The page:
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I'm working on a project where I need to vary the current supplied to a DC fan. I am currently trying to use a BJT as a current amplifier to amplify a low current analog output (0 to 100 mA to vary the current received by the fan unit at 12V.

Schematic below.

In short, the circuit below I can get working for a low current fan (nominal 12V at ~80 mA) but not for the high current equivalent. My BJT is overheating to the "too hot to touch level". If I wait for the BJT to cool, I can sometimes get this circuit working, but only if I spike the analog voltage up rapidly to the max output. If I slowly ramp it up I'll get a low current draw on the fan (~70 mA) and then nothing.

I have measured a voltage drop of 11.6V across the BJT consistently.

Fan specifications:

  • 12 V, 640 mA nominal operating current
  • Max of a 900 mA startup current draw before settling to ~600 mA
  • Varying current between 200 and 640 mA

BJT: Is the 2N2222A NPN transistor. https://www.digikey.com/products/en?keywords=%E2%80%8E2N2222ACS-ND%E2%80%8E

My current schematic:

schematic

simulate this circuit – Schematic created using CircuitLab

Any thoughts on a better way to design this circuit or what is causing the problems I'm seeing? Thanks! This is for a personal project and I'm clearly a newbie to using electrons.

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  • \$\begingroup\$ The effective resistance of the fan is about 19 Ohms, no the 26K you show. \$\endgroup\$ – Peter Bennett Apr 1 at 1:48
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You're using the BJT to drop significant voltage while passing significant current. The power it dissipates is determined by Watt's Law: \$P=EI\$. A better option would be to use a switching converter. Motors are inductive and can function well with pulsed voltage, so they are often driven with PWM, where pulses of full voltage are used to simulate a lower voltage. When the switch is only driven in hard-ON and hard-OFF modes, it does not dissipate significant power so long as it is chosen to switch quickly enough.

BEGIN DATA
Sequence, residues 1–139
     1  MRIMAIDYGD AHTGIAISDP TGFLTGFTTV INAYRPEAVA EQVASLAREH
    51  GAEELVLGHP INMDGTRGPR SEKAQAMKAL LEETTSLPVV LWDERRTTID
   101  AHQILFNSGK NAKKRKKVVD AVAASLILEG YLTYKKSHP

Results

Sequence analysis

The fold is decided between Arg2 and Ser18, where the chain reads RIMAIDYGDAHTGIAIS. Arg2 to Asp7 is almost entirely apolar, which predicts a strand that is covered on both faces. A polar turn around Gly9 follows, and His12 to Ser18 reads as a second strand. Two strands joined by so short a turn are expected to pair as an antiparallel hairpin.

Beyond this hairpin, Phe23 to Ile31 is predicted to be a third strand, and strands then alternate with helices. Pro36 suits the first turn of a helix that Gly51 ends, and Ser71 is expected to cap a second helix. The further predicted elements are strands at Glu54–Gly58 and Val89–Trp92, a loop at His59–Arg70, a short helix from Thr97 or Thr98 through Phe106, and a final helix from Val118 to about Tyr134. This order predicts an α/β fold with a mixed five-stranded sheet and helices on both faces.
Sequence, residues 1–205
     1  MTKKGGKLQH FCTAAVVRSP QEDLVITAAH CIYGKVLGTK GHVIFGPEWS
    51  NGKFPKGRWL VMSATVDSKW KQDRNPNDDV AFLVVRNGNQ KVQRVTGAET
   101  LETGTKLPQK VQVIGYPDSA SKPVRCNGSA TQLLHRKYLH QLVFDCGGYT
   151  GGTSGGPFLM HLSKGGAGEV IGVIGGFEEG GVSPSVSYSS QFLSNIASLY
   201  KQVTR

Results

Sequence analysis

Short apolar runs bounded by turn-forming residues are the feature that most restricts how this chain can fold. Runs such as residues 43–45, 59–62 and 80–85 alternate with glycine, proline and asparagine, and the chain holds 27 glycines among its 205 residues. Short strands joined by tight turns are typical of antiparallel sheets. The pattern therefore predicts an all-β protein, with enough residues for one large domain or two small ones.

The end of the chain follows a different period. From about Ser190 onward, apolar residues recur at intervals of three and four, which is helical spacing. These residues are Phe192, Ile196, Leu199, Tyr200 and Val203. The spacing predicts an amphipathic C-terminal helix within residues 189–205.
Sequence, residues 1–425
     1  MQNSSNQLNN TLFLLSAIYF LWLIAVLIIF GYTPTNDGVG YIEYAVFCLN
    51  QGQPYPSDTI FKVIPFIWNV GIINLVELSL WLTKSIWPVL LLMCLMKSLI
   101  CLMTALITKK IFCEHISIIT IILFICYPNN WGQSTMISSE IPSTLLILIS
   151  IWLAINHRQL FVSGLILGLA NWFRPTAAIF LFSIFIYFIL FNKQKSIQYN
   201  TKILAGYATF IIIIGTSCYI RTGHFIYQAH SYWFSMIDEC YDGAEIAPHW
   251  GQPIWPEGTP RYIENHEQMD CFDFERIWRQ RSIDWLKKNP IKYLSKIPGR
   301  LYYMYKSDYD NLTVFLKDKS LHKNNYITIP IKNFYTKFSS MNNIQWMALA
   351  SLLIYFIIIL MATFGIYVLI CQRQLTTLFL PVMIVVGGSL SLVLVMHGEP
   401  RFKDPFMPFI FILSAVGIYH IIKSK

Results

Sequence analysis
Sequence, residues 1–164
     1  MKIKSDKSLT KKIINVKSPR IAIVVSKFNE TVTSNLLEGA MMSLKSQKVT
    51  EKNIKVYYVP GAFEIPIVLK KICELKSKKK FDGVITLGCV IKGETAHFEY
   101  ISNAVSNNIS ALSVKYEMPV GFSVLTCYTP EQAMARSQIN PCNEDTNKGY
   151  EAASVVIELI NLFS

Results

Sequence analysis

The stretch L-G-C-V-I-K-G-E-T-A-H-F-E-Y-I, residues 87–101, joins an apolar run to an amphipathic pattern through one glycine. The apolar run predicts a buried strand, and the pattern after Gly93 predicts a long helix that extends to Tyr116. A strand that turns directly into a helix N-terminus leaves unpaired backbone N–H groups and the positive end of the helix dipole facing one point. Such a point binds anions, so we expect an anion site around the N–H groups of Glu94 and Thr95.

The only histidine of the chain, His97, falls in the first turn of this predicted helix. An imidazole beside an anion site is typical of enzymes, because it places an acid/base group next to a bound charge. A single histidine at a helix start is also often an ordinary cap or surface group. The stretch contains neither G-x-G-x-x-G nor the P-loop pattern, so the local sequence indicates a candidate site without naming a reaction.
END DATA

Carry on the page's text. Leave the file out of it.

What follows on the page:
For your circuit, since it has an analog input, a PWM conversion would be accomplished by using a comparator to compare the analog input(scaled with a voltage divider if necessary) to a triangle wave of suitable amplitude and frequency. The output of the comparator is used to control a switch, so that the switch is turned on whenever the reference voltage is higher than the triangle wave. The result in an ideal system looks like this:

Simple triangle wave PWM graph shows a triangle wave overlaid with an analog reference, and a bar graph in the background to show the switch turned on whenever reference is higher than the triangle wave.

The yellow bars represent the times your switch is ON, and the red is a variable analog input voltage and the blue a triangle wave. The graph shows the switch on 60% of the time when the reference voltage is 60% and that the start and end time of the cycle will vary as reference voltage does.

So you can build your own if you're interested (google PWM fan control circuit) or attempt to buy a PWM controller or variable power supply to drive the fan from your output signal.

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The fan draws 8W max so at half speed the transistor must dissipate 4W and heatsink is needed, preferably near the fan airflow.

A low-speed PWM might be suitable but may cause audible noise in the fan windings. Start with 100% on and then quickly reduce to desired %PWM level.

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